How Advocating helps me cope with Cerebral palsy

I first started to get into advocating for Cerebral Palsy at the age of eighteen years old after I decided I wanted to make a difference in the world for others like me.

But little did I know that my decision to start advocating for others like me would help me cope with my Cerebral Palsy and the world around me.

When I’m advocating for people with cerebral palsy I feel empowered to make a difference in the world by doing the one thing I love doing speaking out about being a young woman with Cerebral Palsy living in a world where society doesn’t fully understand what it’s like to have Cerebral Palsy, and when I’m advocating I suddenly forget about the lack of mobility that I have on the left side of my body to due to Cerebral Palsy and I find the strength to keep going no matter what obstacles are in front of me

As I think about the impact I want to make in society and the message I want to leave the generation for those with Cerebral Palsy and people around them; being an Advocate for Cerebral Palsy has given me the courage and confidence to share my story to the best of my abilities in the hopes that I will be able to inspire others to be the voice that they want to be.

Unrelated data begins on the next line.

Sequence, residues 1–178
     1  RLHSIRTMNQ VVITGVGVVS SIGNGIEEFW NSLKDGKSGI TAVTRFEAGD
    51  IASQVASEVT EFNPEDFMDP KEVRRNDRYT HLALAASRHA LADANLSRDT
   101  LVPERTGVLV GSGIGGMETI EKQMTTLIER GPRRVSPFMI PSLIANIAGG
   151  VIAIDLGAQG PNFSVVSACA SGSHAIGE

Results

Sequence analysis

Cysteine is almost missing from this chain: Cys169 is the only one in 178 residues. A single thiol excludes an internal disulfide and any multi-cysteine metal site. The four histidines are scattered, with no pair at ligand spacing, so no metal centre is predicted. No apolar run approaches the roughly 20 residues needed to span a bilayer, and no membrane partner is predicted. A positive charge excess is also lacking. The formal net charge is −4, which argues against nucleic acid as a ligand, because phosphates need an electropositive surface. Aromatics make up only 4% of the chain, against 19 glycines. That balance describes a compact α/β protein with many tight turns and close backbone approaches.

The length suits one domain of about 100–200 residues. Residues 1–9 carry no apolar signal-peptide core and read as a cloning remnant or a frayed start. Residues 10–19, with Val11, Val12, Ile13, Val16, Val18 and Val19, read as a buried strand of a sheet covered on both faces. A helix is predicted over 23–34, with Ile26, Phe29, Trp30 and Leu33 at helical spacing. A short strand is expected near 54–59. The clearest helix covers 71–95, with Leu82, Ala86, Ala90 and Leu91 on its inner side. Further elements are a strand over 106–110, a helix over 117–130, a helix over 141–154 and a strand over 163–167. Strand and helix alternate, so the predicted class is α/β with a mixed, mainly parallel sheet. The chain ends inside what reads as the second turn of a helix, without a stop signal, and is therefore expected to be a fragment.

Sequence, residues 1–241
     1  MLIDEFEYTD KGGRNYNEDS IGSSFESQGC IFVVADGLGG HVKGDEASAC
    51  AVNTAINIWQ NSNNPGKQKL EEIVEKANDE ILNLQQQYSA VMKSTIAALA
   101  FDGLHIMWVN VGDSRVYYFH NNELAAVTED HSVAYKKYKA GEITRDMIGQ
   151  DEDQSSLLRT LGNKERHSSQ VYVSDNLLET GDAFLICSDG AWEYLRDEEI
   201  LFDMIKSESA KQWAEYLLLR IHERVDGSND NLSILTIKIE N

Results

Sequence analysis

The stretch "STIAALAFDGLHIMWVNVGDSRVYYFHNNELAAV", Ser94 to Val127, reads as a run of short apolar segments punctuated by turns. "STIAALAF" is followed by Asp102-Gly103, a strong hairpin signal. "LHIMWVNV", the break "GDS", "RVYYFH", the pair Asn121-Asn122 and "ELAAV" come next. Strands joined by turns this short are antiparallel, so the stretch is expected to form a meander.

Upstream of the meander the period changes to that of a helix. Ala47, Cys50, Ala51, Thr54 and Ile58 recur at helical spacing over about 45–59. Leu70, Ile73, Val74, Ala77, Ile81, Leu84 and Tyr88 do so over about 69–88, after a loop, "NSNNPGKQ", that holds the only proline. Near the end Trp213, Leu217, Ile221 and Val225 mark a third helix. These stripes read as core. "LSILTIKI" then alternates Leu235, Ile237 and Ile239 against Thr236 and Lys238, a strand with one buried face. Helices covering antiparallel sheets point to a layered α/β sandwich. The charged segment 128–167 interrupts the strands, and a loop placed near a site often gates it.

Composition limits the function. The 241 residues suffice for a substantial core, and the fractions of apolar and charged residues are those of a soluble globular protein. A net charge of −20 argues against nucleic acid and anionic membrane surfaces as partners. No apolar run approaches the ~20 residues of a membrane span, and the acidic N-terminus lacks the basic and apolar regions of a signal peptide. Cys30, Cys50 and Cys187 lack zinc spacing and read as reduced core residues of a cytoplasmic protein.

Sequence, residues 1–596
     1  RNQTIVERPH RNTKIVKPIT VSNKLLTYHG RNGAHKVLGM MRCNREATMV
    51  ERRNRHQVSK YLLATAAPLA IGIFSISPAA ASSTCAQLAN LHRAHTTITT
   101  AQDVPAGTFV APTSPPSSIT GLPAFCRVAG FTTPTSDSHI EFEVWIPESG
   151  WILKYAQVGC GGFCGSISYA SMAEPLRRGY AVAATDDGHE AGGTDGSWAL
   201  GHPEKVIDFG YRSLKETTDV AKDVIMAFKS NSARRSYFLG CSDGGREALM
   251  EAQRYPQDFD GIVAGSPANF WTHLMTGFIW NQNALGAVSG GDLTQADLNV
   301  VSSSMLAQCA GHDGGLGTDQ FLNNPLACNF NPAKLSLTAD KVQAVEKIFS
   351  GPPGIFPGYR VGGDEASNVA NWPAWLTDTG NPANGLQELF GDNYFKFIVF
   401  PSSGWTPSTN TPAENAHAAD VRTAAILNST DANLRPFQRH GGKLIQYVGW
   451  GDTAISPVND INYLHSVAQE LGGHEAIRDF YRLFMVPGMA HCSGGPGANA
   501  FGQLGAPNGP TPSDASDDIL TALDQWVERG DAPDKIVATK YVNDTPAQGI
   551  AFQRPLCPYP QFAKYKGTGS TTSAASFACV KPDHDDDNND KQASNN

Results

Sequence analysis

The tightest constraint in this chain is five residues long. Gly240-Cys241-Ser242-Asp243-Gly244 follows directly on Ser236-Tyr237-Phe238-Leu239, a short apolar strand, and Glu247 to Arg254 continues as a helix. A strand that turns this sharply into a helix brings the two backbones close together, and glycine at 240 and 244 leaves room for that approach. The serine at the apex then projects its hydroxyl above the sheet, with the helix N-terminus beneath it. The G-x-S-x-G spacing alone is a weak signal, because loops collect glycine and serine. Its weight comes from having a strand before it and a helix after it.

Being an Advocate for cerebral palsy has allowed me to connect with others like myself which reminds me that I’m not alone and I have to keep going despite the obstacles I might come across with my Cerebral Palsy.

Advocating for Cerebral Palsy has allowed me to be confident in myself in my ability to achieve anything I put my mind to.

Advocating for Cerebral Palsy has also allowed me to have an outlet to release all my emotions about my experience with Cerebral Palsy positively as I step out in the world and say Yes I have Cerebral Palsy and this is my story.

Advocating for Cerebral Palsy has allowed me to be proud of the person that I’m and the process I’ve made as a young woman with Cerebral Palsy.

Advocating for Cerebral Palsy has allowed me to who I really want to be without worrying about being judged by others and the people I’ve come across.

Ultimately I’m truly thankful for advocacy and what it’s done for me and my confidence.

 

photo credit   https://unsplash.com/photos/HIMeM7HPdoY

 

2 comments

Yes, Tylia, helping others does help us help ourselves and know ourselves well.

There was a woman called Sally Scates who said, “Don’t let process get in the way of progress” when I was watching a programme about leaders o colour.

Hi Tylia,

I found you through your interview with “Tonia Says”. I have Cerebral Palsy too. I feel the same way about advocacy that you do. I make films(write, direct, cast actors with disabilities) at Crip Video Productions as my advocacy. I put my website into where it says “website” so you can check out my films. I fell into advocacy quite by accident because I saw that it was needed. I will be following you from now on. Thanks for sharing!!

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